Journal Article

A Comparison of the Effectiveness of Oseltamivir for the Treatment of Influenza A and Influenza B: A Japanese Multicenter Study of the 2003–2004 and 2004–2005 Influenza Seasons

Naoki Kawai, Hideyuki Ikematsu, Norio Iwaki, Tetsunari Maeda, Ietaka Satoh, Nobuo Hirotsu and Seizaburo Kashiwagi

in Clinical Infectious Diseases

Published on behalf of Infectious Diseases Society of America

Volume 43, issue 4, pages 439-444
Published in print August 2006 | ISSN: 1058-4838
Published online August 2006 | e-ISSN: 1537-6591 | DOI: http://dx.doi.org/10.1086/505868
A Comparison of the Effectiveness of Oseltamivir for the Treatment of Influenza A and Influenza B: A Japanese Multicenter Study of the 2003–2004 and 2004–2005 Influenza Seasons

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Background. To compare the effectiveness of oseltamivir for treatment of influenza A and influenza B, we conducted a prospective, multicenter study of the 2003–2004 and 2004–2005 influenza seasons. The study included 3351 patients in whom influenza had been diagnosed by use of an antigen detection test kit.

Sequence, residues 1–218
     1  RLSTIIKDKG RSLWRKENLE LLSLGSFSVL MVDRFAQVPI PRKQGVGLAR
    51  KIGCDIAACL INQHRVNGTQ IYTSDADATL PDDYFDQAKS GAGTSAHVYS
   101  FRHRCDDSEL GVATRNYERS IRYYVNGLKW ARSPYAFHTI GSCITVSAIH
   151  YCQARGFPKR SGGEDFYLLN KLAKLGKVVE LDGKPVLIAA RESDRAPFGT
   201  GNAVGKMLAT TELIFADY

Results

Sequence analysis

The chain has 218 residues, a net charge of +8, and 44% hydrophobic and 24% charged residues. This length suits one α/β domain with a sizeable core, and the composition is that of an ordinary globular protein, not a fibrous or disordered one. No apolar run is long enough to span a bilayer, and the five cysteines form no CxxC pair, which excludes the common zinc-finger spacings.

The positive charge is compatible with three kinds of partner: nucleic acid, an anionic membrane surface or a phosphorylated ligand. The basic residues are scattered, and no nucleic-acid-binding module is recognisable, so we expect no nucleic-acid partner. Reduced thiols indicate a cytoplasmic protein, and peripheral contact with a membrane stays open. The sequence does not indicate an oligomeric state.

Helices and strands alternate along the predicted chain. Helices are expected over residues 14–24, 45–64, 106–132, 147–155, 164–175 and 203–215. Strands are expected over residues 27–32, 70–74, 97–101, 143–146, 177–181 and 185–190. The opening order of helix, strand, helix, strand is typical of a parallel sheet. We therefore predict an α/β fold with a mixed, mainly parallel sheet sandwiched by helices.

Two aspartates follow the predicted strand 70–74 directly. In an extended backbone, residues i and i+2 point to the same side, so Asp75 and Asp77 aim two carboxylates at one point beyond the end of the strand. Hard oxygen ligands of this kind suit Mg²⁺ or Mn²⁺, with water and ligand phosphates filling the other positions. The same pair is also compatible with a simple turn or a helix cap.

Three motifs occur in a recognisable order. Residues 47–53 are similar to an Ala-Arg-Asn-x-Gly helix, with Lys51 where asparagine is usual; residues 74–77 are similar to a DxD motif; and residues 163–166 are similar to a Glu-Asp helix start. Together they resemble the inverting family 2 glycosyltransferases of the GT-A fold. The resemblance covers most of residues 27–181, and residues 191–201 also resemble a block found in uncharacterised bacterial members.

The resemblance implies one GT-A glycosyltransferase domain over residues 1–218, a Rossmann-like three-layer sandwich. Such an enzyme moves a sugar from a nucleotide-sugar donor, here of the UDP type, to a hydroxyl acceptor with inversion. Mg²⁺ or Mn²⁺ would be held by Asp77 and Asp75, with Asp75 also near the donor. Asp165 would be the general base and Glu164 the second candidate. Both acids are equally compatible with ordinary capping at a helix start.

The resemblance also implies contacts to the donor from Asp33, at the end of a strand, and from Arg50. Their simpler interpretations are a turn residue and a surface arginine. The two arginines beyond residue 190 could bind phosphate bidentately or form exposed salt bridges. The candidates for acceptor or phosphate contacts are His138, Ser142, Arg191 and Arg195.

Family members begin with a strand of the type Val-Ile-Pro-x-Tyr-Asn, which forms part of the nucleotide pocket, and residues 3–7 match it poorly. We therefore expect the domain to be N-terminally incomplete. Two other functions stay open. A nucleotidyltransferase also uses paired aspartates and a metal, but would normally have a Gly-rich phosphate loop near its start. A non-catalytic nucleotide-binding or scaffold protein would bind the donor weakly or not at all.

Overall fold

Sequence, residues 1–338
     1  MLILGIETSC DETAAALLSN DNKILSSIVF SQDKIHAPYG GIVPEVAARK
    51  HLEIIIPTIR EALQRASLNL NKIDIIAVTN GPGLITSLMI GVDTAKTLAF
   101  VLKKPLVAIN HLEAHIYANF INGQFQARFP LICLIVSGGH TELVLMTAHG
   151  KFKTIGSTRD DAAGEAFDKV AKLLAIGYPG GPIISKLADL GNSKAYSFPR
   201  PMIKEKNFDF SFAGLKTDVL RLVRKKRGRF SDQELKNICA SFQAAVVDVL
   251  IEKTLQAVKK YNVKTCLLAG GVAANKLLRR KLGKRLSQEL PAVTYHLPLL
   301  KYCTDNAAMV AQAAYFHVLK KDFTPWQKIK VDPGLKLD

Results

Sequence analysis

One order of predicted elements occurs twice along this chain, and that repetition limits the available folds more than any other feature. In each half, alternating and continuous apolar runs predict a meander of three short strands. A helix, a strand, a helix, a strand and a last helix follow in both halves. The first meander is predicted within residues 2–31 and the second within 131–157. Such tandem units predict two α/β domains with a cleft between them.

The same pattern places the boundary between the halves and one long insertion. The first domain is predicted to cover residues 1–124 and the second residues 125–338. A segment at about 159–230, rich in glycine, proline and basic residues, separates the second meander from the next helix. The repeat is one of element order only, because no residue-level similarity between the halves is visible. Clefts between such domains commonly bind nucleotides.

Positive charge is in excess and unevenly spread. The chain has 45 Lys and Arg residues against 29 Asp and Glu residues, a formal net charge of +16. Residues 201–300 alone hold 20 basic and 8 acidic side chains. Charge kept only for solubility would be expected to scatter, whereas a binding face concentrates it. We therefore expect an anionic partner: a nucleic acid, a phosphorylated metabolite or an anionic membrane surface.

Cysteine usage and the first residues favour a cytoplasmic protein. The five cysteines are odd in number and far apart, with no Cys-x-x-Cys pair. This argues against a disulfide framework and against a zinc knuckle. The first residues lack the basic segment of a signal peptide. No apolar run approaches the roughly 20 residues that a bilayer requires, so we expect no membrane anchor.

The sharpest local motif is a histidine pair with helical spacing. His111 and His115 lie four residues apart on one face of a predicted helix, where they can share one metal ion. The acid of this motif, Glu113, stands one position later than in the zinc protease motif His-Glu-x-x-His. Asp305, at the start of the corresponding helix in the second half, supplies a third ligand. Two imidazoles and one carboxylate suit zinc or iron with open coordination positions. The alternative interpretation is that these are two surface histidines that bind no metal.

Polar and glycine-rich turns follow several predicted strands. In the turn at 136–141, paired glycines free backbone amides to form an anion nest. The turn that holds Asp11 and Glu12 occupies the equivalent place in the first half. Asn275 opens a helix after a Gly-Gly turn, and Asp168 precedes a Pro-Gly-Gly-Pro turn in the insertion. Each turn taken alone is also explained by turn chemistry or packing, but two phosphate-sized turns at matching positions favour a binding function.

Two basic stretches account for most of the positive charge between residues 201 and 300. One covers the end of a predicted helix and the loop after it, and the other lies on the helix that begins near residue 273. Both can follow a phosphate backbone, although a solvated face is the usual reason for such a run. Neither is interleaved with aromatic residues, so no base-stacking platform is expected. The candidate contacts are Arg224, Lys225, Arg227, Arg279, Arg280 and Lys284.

Methods. Oseltamivir was administered to 1818 patients with influenza A and 1485 patients with influenza B. No anti-influenza drugs were administered to 21 patients with influenza A or to 27 patients with influenza B. Patients receiving oseltamivir therapy were divided into 4 groups according to the time between the onset of fever (temperature, ⩾37.5°C) and administration of the first dose of oseltamivir (0–12 h, 13–24 h, 25–36 h, and 37–48 h). The patients were also divided into 4 subgroups on the basis of age (0–6 years, 7–15 years, 16–64 years, and >64 years). Virus isolation was performed after completion of oseltamivir therapy for 44 patients with influenza A and 31 patients with influenza B.

Results. The duration of fever was significantly shorter for patients with influenza A and B who were treated with oseltamivir than for patients who were not treated with an anti-influenza drug (P < .001 for both). The time until the patient became afebrile after the initial administration of oseltamivir and the duration of fever were significantly longer for patients with influenza B than for patients with influenza A for the 0–12 h, 13–24 h, 25–36 h, and 37–48 h groups (P < .001) and for all age groups (P < .001). After 4–6 days of oseltamivir therapy, the influenza B virus reisolation rate (51.6%) was significantly higher than the influenza A virus reisolation rate (15.9%) (P < .001).

Conclusion. Oseltamivir is less effective for influenza B than for influenza A with regard to duration of fever and virus persistence, irrespective of patient age or the timing of administration of the first dose.

Journal Article.  3647 words.  Illustrated.

Subjects: Infectious Diseases ; Immunology ; Public Health and Epidemiology ; Microbiology

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